“I actually see a prospect of normalization in the Nagorno-Karabakh conflict. It could be very sudden.” – Georgi M. Derluguian, Associate Professor, Social Research and Public Policy at New York University Abu Dhabi

“The international environment currently engulfing the South Caucasus is facing an unknown future. All three regional powers surrounding the South Caucasus – Iran, Turkey, and Russia – are currently experiencing significant challenges. This contributes to a great degree of volatility to the situation around Nagorno-Karabakh.” Dr. Georgi M. Derluguian, professor of Social Research and Public Policy at New York University Abu Dhabi, joins the Caucasus Institute for an interview regarding the current situation in Nagorno-Karabakh.

“Iran is fighting for its survival. The question which is usually posed in the West regarding the Islamic Republic puts it in a dichotomy: is it moving towards a more authoritarian or more democratic regime? I think this is a wrong dichotomy like the majority of dichotomies.” Derluguian suggests that the actual dilemma for the Islamic Republic is moving beyond a mindset focused on war and prevention of disintegration. In this sense, he compares the country to the Soviet Union. “It was not so much the question whether the Soviet Union was going to become democratic or authoritarian. It was whether the Soviet Union was going to survive at all,” he explains, adding that, “The Islamic Republic exists today because from the outset it was shaped by the attack from Saddam Hussein’s Iraq, it survived a major war and it survived it very much like the Soviet Union did the Second World War.”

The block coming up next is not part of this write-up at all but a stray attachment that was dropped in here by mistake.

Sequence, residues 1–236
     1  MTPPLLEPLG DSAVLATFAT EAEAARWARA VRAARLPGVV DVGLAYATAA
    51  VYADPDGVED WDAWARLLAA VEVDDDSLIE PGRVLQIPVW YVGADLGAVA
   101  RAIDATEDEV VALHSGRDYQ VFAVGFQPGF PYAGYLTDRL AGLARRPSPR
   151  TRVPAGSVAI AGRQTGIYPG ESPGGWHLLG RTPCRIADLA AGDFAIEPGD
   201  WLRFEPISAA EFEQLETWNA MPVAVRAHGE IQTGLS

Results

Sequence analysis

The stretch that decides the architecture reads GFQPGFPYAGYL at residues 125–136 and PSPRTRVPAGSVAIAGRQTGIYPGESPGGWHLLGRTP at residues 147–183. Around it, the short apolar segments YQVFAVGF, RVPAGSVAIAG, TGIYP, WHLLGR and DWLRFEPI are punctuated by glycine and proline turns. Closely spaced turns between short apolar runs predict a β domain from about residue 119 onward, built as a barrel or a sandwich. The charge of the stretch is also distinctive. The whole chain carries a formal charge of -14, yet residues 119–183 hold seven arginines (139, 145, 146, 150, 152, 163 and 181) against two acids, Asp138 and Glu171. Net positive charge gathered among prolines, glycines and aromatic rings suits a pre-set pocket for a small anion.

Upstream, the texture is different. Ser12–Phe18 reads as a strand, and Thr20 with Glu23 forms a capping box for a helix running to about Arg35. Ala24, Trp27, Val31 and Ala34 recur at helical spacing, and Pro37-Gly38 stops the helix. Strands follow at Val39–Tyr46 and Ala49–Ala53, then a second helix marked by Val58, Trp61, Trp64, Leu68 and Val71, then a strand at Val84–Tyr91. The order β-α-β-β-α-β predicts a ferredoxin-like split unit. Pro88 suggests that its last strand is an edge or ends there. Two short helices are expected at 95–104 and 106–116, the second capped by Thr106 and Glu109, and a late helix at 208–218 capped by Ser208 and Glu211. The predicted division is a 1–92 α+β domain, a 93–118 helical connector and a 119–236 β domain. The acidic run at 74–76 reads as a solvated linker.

Derluguian further argues that following the Iran-Iraq War, the Islamic Republic became more of a guerrilla state than a republic. According to Derluguian, this experience shaped most political and social structures and even the national identity of Iran. Therefore, the question is whether the current expansion of Iranian geopolitical ambitions into the Middle East, into the vacuum created by the failure of the United States in Iraq and now in Syria, is sustainable in the long-run. “So, Iran is trying to live out its dream of spreading the revolution, which brings a lot of counter-pressure from the Gulf monarchies, the United States and Israel. Here in the South Caucasus, we are somewhere on the periphery of this great conflict. But we must not forget that this is what is going to define the region in the coming years,” Derluguian emphasizes.

In addition to Iran, there is also Russia, which is currently pursuing its own distinct interests. “It is capitalist Russia now, it is not the socialist Soviet Union. But it is oligarchic and militaristic Russia trying to raise its standing in the world system, in order to bring back at least some of its lost positions following the dissolution of the Soviet Union by pursuing what I would call a daring foreign policy. So far this policy has paid off in Syria, but very much like with Iranian ambitions, it can’t be sustainable in the long run.” Derlugian also mentions the economic repercussions of the conflict in Ukraine as contributing to large psychological and financial pressure on Russia.